That was it. They didn’t even want to talk to us. We never had to fill out a report. And as for the rangers, when they first arrived, they were prepared to find a drug deal in progress. The pickup had reported seeing an airplane with two people in it, just sitting in the desert. Considering the kinds of weapons that often accompany drug transfers, and the epidemic of crystal meth trafficking going on at that time, their actions seemed justified to me. So now that they knew they didn’t have to arrest us for drug trafficking or even landing in the Preserve, they were very friendly. They smiled, joked, answered our questions, took photos of themselves with the airplane, and gave us water. Before they left, one of them promised to swing by on his way home, to take us to a motel if we weren’t able to take off. And then they drove away. About an hour later the clouds had not only lifted, we could see the system was finally breaking up. We took off uneventfully and headed home into ever-clearing skies.
One night I dreamed about taking the airplane for a solo flight. I got into the left seat with the key in my hand. And then I was stumped: after nearly 1,000 hours in the right seat, I didn’t know how to start the engine! My dream ended and I woke up. The next day, we switched seats and I learned how to start the engine and taxi (I really hadn’t been doing that either). Taking off wasn’t difficult. But on final to land, my husband said I wasn’t lined up with the center of the runway. This happened each time. He got frustrated. “Can’t you see you’re off? Look: line up with the rivets in the center of the cowling.” “What rivets?” I replied. “I can’t see the cowling at all and I have the seat up all the way!” He looked over at me, noted the height of my eyes, and then scrunched down in his seat to equal my height. “Well that’s the problem; you can’t see anything! We’ll have to get you a pillow.” I’m not short, but short-waisted, and had never seen over the cowling before, and thought that was normal. Indeed, I was used to mostly looking at the instruments, except when I looked up to search for traffic. We got a pair of folded towels and that solved the problem. Such a dumb thing: what else was I doing wrong? That’s when I decided to take lessons and get my pilot’s license.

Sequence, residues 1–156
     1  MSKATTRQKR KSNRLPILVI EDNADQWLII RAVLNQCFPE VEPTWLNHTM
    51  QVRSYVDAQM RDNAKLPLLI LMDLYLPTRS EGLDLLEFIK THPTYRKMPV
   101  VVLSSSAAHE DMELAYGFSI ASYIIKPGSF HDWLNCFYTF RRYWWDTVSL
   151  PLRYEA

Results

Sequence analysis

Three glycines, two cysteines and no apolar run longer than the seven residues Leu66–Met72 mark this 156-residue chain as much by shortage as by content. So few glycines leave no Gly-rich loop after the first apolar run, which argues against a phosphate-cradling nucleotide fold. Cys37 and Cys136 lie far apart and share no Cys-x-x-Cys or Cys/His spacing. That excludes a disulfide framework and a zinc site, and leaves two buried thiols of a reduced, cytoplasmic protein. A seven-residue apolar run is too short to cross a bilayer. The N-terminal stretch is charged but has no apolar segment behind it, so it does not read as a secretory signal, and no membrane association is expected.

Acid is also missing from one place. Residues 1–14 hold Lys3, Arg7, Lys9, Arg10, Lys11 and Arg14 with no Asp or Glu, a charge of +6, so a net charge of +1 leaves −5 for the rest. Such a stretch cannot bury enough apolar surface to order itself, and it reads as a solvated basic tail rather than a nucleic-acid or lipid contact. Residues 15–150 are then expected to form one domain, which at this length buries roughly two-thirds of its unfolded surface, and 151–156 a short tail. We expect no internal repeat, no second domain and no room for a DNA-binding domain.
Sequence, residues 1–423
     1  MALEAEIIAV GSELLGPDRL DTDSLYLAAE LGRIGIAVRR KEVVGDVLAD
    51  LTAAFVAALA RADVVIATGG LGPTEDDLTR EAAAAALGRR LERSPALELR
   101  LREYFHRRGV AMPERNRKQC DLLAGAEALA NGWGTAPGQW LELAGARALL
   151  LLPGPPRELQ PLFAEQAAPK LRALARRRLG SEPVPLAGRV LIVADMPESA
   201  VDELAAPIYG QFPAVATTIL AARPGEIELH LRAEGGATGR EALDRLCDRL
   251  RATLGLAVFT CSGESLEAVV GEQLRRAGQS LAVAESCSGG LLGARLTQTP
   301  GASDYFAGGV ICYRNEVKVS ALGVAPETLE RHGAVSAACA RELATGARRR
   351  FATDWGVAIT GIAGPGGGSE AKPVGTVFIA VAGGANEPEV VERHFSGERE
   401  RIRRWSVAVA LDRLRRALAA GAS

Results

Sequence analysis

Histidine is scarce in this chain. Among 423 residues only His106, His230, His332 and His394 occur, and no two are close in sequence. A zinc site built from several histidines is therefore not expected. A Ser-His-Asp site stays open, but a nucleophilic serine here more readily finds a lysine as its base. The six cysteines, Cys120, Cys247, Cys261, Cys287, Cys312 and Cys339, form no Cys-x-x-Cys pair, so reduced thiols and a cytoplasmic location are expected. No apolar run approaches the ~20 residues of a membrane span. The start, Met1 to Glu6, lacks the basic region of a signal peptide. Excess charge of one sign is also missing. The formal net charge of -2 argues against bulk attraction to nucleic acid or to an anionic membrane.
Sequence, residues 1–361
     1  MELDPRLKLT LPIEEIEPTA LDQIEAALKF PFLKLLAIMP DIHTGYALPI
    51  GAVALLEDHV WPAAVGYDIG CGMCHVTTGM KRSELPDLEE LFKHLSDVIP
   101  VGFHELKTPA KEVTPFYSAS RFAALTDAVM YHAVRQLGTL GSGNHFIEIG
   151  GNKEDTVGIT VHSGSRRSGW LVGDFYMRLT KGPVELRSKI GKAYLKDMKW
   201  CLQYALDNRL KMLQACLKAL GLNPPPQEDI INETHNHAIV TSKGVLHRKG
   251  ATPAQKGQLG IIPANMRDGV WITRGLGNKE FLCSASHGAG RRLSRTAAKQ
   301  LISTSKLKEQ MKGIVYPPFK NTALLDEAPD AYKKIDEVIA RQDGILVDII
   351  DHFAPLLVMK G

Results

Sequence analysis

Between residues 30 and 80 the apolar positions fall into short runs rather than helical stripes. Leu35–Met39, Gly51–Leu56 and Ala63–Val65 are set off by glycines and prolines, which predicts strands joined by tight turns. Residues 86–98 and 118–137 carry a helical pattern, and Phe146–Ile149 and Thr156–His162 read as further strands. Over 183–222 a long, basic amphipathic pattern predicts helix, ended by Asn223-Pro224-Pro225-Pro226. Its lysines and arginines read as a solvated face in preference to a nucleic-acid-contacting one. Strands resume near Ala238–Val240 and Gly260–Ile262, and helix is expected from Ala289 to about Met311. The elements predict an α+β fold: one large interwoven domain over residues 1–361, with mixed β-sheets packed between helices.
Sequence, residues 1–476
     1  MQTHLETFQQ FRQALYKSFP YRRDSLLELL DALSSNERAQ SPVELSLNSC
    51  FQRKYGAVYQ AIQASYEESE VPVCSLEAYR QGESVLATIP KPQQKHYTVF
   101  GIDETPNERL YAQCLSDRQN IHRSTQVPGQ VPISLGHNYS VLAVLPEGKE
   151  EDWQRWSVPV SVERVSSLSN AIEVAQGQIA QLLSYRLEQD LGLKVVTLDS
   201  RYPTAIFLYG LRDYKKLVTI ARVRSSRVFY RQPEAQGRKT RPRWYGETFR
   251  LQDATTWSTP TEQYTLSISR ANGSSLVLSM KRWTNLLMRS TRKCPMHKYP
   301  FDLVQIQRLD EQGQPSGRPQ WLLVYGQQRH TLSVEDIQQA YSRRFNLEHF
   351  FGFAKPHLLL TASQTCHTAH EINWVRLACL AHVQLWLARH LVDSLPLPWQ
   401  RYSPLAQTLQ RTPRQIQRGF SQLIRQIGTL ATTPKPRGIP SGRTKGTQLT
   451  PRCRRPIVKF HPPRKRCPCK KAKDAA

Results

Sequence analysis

I began flight lessons with a head start since I already knew how to navigate, use the radios, and handle the aircraft in cruise. So we focused on takeoffs and landings, and then undoing some bad habits, like not looking out enough. On the other hand, flying under the hood or in actual IMC was easy, since I was already used to referring to the instruments. Finally! I could take the plane out on my own.
When I think of the most fun flying ever, winding inside the canyons of the Idaho backcountry with my husband or friends is near the top. Perhaps even more fun though was a short flight I did alone occasionally, back when we lived in Santa Monica: take off and head out over the shoreline. Follow the shoreline up toward Malibu and then descend offshore at high speed to right above the water. Of course, if the engine quit, well, I’d be in the water rapidly. And there was always the possibility of hitting a seagull or pelican.
But winging out over the ocean, 10 feet over the waves, is just too much fun. Then I’d climb up to several thousand feet, turn around, and head back to the airport. In contact with the tower, I’d descend toward the airport at high speed and then pull the power and level off. That boxcar of a plane would slow down so fast that within a few seconds I’d be at 160 (MIAS) and could start to put in a bit of flaps. The plane would slow down so fast you’d strain against the shoulder harness as if you were braking. Next, drop the gear, ask for a short approach, and just let the bottom drop out as you slipped it down in a curving descent, pop in the rest of the flaps (we had a STOL kit), land, and get off on the first taxiway. Now, that was freedom. (And probably good practice in case I ever needed to get on the ground quickly, as with an in-flight fire).
Have a Blast at Your Next BFR – Add a Seaplane Rating!
My other favorite flying moments were in Alaska, at Alaska Float Ratings. I’d take off, and at 100 feet above the water, the CFI behind me would pull the Super Cub’s power to idle. I’d have to immediately push it over to prevent a stall, and keep the stick forward even as the water seemed to be rushing up to meet us. Then pull back to flare, set it down gently, full power, take off again, and repeat. We would do this at least ten times in a row. They call it the Roller Coaster. It’s a great exercise to burn the motions into your brain, but it’s also a blast.
That’s what flying is to me: pure fun. Anytime I get into an airplane, I’m happy, left seat, right seat—even in the back seat of a friend’s plane. We’re usually going somewhere new. It’s always an adventure, and I feel very lucky.